Jail water unsafe
Unsafe levels of arsenic, uranium found in Sleepy Hollow water supply
Unsafe levels of arsenic and uranium found in the P.E.I. provincial jail’s groundwater supply have forced inmates and staff to use bottled water for the last several weeks.
Arsenic and uranium are both naturally occurring in groundwater, which is P.E.I.’s only source of drinking water, according to George Somers, manager of the province’s drinking and wastewater division. “It’s just part of the natural breakdown of the minerals in the bedrock, so depending on how long water has been in contact with it, it will pick some of this up,” he explained.
The vast majority of P.E.I. groundwater tested by the province contains only trace amounts safely below national guidelines based on lifetime consumption.
But the groundwater source at the provincial correctional facility, better known as Sleepy Hollow, was found to exceed those guidelines.
The consumption guideline for uranium is 0.02 milligrams per litre, and the jail tested at around 0.05, while the guideline for arsenic is 0.01 milligrams per litre and the jail tested positive for at 0.02 milligrams per litre.
There have been no reports of illness among inmates or employees, but they have been using bottled water for drinking and food preparation for the last several weeks.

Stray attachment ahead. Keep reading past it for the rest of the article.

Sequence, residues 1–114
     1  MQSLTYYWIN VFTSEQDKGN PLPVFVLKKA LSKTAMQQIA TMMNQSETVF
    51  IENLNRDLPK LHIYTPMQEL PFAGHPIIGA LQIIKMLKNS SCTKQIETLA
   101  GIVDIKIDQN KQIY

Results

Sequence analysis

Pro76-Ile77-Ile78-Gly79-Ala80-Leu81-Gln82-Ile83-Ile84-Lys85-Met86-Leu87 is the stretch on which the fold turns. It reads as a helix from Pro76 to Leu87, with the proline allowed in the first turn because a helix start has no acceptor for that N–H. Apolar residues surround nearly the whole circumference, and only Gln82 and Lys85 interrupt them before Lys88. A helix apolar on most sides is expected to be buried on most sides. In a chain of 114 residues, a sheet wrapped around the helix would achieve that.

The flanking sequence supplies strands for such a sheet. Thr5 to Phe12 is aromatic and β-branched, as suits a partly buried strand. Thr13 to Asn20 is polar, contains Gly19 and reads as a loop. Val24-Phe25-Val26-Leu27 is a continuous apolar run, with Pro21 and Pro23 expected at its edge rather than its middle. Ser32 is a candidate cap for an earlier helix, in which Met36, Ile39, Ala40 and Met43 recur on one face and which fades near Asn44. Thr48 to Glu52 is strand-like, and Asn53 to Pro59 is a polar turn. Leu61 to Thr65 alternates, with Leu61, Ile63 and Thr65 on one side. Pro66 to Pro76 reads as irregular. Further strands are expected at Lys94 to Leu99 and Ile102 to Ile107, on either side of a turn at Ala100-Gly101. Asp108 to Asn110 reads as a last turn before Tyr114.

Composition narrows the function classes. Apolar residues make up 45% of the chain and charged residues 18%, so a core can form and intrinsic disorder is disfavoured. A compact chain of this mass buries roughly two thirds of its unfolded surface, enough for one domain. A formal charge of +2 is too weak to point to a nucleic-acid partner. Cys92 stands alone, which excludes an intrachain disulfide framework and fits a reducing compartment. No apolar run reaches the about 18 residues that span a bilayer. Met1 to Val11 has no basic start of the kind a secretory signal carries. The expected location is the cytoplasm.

Washing and showering has been allowed, as the guidelines are only for consumption.
Since these elements are naturally occurring in groundwater, they can’t be removed from the actual water source, Somers said.
“It’s not like a bacterial contamination or a hydrocarbon spill where you can clean up something or disinfect something, there’s no likelihood that the concentrations you see now will change over time.”
That’s why the province is now looking at options for a long-term solution. The facility must either find an alternate water supply or treat the water once it has been removed.
“Several options are under consideration including enhanced water treatment, construction of new wells and connection to the Charlottetown municipal water supply, however the latter option will depend on talks with the City of Charlottetown,” said a spokeswoman for the Department of Transportation, Infrastructure and Energy.
“Until the problem is corrected, we will continue supplying bottled water to the facility.”
Somers says there are no easy ways to predict where arsenic and uranium will turn up in P.E.I. groundwater, so he suggests regular water testing.
“It’s almost random chance what wells will be affected and which aren’t, so the bottom line is that we recommend everyone, whether it’s a municipal utility or a facility like this or a private homeowner – to test their water on a periodic basis.”
The jail has a standalone water supply, so this issue only affects the correctional facility. There is no known contamination to any nearby homes or businesses.